Discussions about the pros and cons of the automated highway system (AHS) visions are nothing but intellectual exercises unless the issue of how to evolve the current highway system toward this end state can be resolved. The primary motivation for the AHS is its potential for considerable highway capacity gain without major acquisition of right-of-way. Many believe that such capacity gain is possible only when lanes are dedicated to the use of those vehicles equipped for full automation. However, to avoid the empty-lane syndrome, there must exist a sufficient population of automation-equipped vehicles that can use the dedicated lane at once or shortly thereafter. Also, if such automation-equipped vehicles can be used only on such dedicated lanes, few people would purchase such vehicles before dedication of lanes on a network basis, the well-known "chicken-and-egg" problem. In this paper partial-automation concepts are proposed that help solve this chicken-and-egg problem. Because of the futuristic nature of the AHS, many technological and nontechnological questions cannot be answered definitely. Assumptions must first be made about the likely or reasonable answers to such questions and then requirements derived for partial-automation concepts based on these assumptions. The goal is for the inferencing process to be rigorous and correct so that only the assumptions are to be debated. The author believes that the assumptions made are reasonable and therefore that the requirements for partial-automation concepts and the actual partial-automation concepts proposed are necessary. Most important, it is hoped that this approach will facilitate a more rigorous process in exchanging ideas and debating AHS deployment issues.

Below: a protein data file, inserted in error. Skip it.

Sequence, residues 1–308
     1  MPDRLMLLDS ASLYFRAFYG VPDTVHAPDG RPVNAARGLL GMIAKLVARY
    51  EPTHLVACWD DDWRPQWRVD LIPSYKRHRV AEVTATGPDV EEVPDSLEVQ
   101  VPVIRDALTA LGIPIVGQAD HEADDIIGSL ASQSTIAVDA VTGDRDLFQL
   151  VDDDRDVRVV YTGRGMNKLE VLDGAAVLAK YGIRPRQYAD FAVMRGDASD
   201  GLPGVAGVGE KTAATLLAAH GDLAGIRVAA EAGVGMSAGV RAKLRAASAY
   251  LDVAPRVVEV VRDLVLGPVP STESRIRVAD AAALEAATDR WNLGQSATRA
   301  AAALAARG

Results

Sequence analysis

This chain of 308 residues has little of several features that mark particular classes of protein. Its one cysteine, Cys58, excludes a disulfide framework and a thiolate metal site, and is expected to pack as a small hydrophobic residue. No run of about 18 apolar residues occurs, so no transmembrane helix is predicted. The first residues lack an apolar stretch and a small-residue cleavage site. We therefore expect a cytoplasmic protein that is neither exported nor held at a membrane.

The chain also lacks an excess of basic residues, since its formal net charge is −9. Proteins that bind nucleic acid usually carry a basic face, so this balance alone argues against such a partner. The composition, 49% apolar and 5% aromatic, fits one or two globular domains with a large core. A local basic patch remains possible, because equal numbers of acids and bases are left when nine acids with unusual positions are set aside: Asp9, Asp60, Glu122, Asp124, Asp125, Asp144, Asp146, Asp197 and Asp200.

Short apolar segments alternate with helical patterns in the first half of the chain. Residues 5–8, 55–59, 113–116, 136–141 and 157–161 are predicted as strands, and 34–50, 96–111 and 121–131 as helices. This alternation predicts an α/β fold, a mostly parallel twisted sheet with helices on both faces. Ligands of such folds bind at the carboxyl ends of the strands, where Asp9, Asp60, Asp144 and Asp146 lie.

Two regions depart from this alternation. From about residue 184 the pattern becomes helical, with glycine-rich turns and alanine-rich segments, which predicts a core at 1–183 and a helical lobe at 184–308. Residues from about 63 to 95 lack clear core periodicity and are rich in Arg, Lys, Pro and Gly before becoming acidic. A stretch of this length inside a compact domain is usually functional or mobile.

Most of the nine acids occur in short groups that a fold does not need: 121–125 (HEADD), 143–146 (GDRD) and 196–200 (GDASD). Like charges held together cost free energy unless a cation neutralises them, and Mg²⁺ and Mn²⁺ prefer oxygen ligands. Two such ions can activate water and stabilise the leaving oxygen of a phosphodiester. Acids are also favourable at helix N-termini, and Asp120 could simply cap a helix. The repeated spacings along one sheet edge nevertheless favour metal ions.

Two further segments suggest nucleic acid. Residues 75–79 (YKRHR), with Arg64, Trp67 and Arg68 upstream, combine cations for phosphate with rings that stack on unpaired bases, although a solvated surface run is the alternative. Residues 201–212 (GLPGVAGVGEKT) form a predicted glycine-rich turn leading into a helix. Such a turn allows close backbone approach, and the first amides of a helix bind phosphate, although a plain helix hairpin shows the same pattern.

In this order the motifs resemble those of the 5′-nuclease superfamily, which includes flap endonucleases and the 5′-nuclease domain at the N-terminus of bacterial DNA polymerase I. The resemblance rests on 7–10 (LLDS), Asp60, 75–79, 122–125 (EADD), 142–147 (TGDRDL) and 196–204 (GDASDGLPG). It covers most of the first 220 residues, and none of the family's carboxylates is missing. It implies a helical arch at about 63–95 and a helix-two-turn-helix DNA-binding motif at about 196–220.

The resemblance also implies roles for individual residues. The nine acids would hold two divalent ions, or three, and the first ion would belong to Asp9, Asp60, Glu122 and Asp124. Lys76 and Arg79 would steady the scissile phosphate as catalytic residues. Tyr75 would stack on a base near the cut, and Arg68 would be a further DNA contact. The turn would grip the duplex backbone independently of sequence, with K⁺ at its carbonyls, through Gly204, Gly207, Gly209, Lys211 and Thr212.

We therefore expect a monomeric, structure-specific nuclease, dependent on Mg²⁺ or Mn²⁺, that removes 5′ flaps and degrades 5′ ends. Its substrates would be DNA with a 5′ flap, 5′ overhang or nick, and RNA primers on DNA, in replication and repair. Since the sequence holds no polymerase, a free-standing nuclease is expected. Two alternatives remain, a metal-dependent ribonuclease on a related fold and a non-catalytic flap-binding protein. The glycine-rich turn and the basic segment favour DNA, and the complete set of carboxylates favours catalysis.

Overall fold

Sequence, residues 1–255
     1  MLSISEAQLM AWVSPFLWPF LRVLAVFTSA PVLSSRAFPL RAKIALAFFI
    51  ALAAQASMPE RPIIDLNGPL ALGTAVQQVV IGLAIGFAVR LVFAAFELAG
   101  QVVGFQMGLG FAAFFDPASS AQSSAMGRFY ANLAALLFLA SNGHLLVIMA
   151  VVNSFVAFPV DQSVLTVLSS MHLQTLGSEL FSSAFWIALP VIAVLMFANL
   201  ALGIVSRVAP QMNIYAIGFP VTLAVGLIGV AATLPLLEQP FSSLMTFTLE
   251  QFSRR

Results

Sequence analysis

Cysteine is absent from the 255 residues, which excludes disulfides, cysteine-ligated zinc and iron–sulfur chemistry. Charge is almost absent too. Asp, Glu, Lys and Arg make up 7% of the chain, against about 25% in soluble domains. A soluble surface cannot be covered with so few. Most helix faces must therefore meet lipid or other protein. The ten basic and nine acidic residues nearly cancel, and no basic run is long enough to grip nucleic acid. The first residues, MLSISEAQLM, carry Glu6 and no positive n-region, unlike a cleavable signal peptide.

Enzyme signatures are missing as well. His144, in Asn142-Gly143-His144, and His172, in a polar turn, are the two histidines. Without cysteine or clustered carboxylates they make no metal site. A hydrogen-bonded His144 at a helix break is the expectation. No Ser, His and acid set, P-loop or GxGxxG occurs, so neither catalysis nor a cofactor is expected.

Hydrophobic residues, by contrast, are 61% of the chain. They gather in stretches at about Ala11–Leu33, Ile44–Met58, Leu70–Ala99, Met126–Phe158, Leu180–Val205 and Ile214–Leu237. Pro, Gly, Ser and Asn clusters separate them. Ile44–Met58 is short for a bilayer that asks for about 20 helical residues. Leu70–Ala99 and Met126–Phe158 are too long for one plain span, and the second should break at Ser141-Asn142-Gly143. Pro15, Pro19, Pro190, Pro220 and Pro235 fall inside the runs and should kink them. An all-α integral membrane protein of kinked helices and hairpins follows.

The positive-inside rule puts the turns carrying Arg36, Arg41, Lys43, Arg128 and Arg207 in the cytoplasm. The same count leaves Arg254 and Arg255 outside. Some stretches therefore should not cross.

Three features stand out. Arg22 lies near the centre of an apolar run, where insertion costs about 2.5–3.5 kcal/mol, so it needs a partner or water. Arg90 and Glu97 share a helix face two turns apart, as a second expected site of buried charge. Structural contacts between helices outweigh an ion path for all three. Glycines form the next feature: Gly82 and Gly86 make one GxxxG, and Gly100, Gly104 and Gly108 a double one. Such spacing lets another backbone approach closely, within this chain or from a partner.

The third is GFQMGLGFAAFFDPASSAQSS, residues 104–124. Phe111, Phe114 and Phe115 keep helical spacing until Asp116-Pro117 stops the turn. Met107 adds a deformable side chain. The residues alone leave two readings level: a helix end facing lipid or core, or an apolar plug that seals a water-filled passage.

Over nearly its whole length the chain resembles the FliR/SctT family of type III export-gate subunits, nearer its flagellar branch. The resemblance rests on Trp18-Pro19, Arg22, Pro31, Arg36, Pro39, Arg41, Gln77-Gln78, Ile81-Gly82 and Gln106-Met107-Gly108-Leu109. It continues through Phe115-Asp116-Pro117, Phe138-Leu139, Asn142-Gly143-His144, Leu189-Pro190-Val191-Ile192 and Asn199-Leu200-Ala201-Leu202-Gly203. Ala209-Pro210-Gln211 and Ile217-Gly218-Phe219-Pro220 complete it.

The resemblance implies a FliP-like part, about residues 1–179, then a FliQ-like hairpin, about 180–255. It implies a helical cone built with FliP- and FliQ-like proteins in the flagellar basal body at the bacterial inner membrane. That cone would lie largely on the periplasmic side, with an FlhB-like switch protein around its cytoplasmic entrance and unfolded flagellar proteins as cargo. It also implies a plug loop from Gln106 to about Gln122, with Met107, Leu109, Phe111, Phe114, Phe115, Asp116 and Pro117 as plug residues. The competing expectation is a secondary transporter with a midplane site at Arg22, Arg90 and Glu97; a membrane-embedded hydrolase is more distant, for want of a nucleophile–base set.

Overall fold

Available at: http://works.bepress.com/jacob_tsao/23/